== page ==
- Validated prototypes of a solution: A validated prototype is an important part of a product development process. Once we have determined the user problem we want to solve, prototype validation gives the product team an opportunity to test and hone in on how to solve the problem. It’s a quick way to provide insights into how a user would interact with the product.
- A blueprint for their initial release: A blueprint for the initial release outlines the minimum set of features that should be included to provide value to users and the business, and also from which to learn. These challenging — but necessary — decisions and tradeoffs about what should be included ensure that your initial release creates an experience that is valuable, but also lean, and able to provide valuable learnings to inform future releases.
- A prioritized backlog ready for engineers: This short-term backlog represents a shared understanding of the scope and nature of each task to be done in development sprints. It includes a prioritized list of features, chores. and fixes, detailed in user stories (descriptions of features from user perspectives) that engineers can deliver incrementally. We follow the INVEST user story approach, which ensures each story can be shipped independently of others so there is no delay in learning from the working software.
- A user-centered strategic roadmap to guide development priorities moving forward: A roadmap is the visual representation of the client’s strategy. It puts the focus on outcomes and aligns the team and project with the product vision. It details the most important outcomes, the features to achieve these outcomes, and success criteria so the team can decide whether a feature requires iteration, maintenance, or sunsetting.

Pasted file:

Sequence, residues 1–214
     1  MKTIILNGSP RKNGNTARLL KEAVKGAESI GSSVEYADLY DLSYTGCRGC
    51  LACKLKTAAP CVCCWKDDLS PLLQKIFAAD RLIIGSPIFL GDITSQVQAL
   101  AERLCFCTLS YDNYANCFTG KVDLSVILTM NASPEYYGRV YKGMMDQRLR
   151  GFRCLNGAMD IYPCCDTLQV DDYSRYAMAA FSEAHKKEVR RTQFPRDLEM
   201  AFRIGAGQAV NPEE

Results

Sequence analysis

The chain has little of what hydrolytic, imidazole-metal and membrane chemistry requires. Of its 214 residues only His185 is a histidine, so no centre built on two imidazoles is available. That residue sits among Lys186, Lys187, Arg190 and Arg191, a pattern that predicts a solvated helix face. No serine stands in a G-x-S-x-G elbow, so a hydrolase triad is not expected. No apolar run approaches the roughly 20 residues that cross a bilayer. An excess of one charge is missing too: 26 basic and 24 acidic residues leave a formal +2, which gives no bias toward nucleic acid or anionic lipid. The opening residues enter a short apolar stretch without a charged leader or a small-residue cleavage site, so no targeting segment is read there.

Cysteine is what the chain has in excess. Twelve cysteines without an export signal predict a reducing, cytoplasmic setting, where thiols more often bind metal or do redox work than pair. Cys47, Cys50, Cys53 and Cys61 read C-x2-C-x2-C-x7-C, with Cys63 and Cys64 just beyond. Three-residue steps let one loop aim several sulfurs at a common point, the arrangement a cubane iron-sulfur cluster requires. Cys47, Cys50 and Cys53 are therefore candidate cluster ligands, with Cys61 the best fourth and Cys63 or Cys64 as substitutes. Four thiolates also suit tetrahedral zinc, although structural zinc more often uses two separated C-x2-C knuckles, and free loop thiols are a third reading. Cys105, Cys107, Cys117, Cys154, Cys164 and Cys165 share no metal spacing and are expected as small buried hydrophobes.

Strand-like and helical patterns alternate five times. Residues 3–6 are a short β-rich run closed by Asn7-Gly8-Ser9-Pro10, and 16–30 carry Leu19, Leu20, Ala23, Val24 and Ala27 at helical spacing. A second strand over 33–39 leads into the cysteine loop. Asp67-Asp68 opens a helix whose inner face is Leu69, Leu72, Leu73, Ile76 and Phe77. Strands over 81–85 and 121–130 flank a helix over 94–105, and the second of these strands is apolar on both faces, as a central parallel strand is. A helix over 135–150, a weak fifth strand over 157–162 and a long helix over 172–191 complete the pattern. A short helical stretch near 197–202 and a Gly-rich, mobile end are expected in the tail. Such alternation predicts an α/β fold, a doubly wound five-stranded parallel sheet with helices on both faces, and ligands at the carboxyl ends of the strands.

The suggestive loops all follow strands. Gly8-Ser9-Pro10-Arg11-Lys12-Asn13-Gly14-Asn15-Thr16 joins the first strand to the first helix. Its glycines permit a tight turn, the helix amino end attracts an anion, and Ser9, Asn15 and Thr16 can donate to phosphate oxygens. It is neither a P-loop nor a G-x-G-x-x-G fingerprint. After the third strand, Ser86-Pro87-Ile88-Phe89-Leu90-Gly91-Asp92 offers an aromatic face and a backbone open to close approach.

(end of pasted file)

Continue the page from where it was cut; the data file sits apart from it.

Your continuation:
This process is run by a product manager, designer, and engineer, with the support and participation of the client subject matter experts and stakeholders. When applied at a project’s start, the (Def)inition Lab typically takes 3-5 weeks. If development has started, we apply select parts of the (Def)inition Lab process in parallel to development work to ensure the team continues to deliver value to users and the business.
The (Def)inition Lab includes three phases:
- Define opportunities
- Define solutions
- Define validation
Let’s take a closer look at each phase, and see how you might apply them to your product definition journey.
Phase 1: Define opportunities
A project always starts with the desired outcome — a change in human behavior that, if reached, would create value for the business. Examples of desired outcomes include things like increasing conversion, retention, or referral rate. With many potential market opportunities, the team must first align on which outcome is priority, usually, the opportunity will drive the greatest immediate value for the business. While there may be many outcomes or objectives that are valuable for someday, the focus here is on moving the needle for the single outcome with the greatest impact potential.